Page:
Pollution on Gosforth High Street – First Results

People in Gosforth are becoming more and more concerned about pollution near major roads and especially on Gosforth High Street. As we have a high proportion of older and younger residents – those most at risk from its debilitating effects – this is not surprising. On Saturday the 17th of October members of SPACE for Gosforth spent time on the High Street with a pollution monitor measuring very fine particles (PM2.5s), one of the most dangerous types of pollution.

The monitor ran for over three hours recording a reading of PM2.5 levels every second, which it averaged to give a figure for each minute. The graph below shows the PM2.5 levels each minute for the time we were on the High Street. This is a measurement of the air that we, and everyone else visiting or working on the High Street, were breathing that day.

Pollution Graph

PM2.5s, as we shared in our last post on the subject, can contain burnt oils, heavy metals and a variety of chemicals. They can cause lung cancer and heart problems as well as affecting brain function. The usual way to measure the volume of these toxic compounds is in micrograms per cubic meter (µg/m3). The World Health Organisation (WHO ) recommends a maximum of 10 µg/m3 averaged over a year, whereas the EU sets a higher limit of 25 µg/m3, though experts we have spoken to expect this to be reduced. These limits are shown on the graph as red dashed lines.

Putting this into context, this was a fairly quiet Saturday and it is likely that the relatively strong wind depressed the measured pollution levels compared to what they would have been on a still day. The monitor was also set back from the road level with shop entrances to avoid blocking the pavement. Despite this, for the time we were measuring PM2.5 pollution:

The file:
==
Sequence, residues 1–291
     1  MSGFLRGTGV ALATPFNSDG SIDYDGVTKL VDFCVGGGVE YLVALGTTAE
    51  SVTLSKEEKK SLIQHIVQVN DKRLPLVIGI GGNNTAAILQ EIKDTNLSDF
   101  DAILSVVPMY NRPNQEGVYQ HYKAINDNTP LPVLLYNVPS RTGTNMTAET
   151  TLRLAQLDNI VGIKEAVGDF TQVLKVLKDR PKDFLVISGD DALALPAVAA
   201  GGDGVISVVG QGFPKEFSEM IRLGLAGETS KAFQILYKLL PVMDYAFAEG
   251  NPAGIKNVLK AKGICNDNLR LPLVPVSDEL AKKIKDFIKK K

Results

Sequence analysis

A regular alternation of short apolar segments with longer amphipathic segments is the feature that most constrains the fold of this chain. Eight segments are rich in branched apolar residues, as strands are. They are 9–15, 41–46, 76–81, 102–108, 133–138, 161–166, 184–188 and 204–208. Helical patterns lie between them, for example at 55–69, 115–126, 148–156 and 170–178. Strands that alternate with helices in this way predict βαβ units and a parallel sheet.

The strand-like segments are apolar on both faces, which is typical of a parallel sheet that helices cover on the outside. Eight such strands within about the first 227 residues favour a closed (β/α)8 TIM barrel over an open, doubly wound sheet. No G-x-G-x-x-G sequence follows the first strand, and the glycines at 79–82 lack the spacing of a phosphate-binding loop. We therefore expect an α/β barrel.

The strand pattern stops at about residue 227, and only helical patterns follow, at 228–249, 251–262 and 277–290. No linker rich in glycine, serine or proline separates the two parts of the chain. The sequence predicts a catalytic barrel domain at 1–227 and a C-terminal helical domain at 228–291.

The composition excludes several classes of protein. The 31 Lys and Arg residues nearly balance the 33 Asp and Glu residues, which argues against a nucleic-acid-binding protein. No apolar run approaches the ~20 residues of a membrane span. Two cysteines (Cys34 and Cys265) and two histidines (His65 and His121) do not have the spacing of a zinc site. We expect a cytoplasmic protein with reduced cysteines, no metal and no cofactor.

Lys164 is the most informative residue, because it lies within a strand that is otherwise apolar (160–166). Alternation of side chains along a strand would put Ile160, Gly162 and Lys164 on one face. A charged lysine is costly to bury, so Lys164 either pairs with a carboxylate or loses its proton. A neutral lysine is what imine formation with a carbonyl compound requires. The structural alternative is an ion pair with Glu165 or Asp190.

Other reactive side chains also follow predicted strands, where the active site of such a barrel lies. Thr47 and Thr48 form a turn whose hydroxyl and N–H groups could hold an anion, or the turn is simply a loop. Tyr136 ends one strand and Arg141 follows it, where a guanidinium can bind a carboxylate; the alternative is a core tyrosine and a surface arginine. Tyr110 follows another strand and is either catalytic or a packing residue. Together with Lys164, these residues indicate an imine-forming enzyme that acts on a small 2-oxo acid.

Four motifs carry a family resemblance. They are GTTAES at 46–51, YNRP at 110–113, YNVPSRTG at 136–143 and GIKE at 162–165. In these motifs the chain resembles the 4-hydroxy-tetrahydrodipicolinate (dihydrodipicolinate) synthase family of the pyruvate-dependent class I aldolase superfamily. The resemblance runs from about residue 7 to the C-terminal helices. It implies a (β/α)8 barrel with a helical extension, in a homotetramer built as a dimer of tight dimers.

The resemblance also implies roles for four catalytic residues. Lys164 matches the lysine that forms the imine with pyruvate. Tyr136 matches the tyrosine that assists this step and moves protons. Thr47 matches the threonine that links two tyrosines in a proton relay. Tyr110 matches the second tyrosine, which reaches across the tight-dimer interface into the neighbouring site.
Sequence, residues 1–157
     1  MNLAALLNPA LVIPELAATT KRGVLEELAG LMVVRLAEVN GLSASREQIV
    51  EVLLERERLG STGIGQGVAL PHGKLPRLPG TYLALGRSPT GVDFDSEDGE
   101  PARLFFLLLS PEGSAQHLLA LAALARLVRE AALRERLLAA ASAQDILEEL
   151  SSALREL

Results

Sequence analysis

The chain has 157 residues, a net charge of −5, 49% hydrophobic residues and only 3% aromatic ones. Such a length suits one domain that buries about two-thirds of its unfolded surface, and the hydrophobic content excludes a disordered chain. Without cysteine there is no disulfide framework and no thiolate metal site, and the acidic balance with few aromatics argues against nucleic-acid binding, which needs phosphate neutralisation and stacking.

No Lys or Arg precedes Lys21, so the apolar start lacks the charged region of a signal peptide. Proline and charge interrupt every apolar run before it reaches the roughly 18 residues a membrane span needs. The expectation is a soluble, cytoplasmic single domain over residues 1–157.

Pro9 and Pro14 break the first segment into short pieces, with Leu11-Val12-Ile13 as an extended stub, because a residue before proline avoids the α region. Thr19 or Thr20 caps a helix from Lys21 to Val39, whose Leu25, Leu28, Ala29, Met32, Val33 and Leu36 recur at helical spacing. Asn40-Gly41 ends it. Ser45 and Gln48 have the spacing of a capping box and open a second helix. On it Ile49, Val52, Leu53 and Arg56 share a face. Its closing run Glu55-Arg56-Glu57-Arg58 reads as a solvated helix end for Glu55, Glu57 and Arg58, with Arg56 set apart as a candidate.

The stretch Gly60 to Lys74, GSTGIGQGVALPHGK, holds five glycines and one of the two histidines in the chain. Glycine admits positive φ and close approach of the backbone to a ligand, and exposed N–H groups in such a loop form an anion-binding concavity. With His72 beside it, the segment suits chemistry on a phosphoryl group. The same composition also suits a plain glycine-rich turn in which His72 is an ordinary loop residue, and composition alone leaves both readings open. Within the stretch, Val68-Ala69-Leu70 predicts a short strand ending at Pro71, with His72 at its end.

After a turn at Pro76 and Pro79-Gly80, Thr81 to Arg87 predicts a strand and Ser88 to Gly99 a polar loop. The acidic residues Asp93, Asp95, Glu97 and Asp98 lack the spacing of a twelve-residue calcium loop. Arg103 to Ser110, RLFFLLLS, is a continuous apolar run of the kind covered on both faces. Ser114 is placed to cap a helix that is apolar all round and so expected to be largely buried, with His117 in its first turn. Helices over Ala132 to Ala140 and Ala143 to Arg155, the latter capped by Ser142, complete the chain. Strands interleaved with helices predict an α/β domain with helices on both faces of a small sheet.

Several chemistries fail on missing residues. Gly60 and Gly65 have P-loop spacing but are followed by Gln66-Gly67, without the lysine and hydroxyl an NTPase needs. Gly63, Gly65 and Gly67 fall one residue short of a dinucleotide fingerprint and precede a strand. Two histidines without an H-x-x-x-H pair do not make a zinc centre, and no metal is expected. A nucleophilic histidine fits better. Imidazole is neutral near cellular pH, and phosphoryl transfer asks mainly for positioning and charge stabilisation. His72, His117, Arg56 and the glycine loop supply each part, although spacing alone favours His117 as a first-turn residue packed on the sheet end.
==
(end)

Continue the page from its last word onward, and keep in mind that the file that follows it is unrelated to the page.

• PM2.5 levels were always above the WHO 10 µg/m3 limit;
  • The average PM2.5 level of 23 µg/m3, was only just below EU 25 µg/m3 maximum
  • A third of the time PM2.5 readings were higher than the EU limit.
  • Some readings were significantly higher, with the maximum reading being 81 µg/m3.

While it is not possible to estimate an annual average from one afternoon’s worth of readings, these results show that all of us who live in Gosforth, or use the High Street, should be concerned. We do need to take action to reduce pollution, especially for Gosforth’s children and older residents who are most likely to suffer from its effects.  We set out in an earlier post how this might be done, but if you have ideas please share them with us too. We are also interested in hearing from people who have been affected personally by the pollution in Gosforth.

Key now is that the City Council is about to propose a variety of road changes across Gosforth which we hope will address the major cause of pollution in Gosforth – traffic exhaust fumes. We need to ask the Council to ensure that the reduction of pollution, as well as improved road safety, is prioritised in these schemes. This is the one main chance we have of making a difference in Gosforth.

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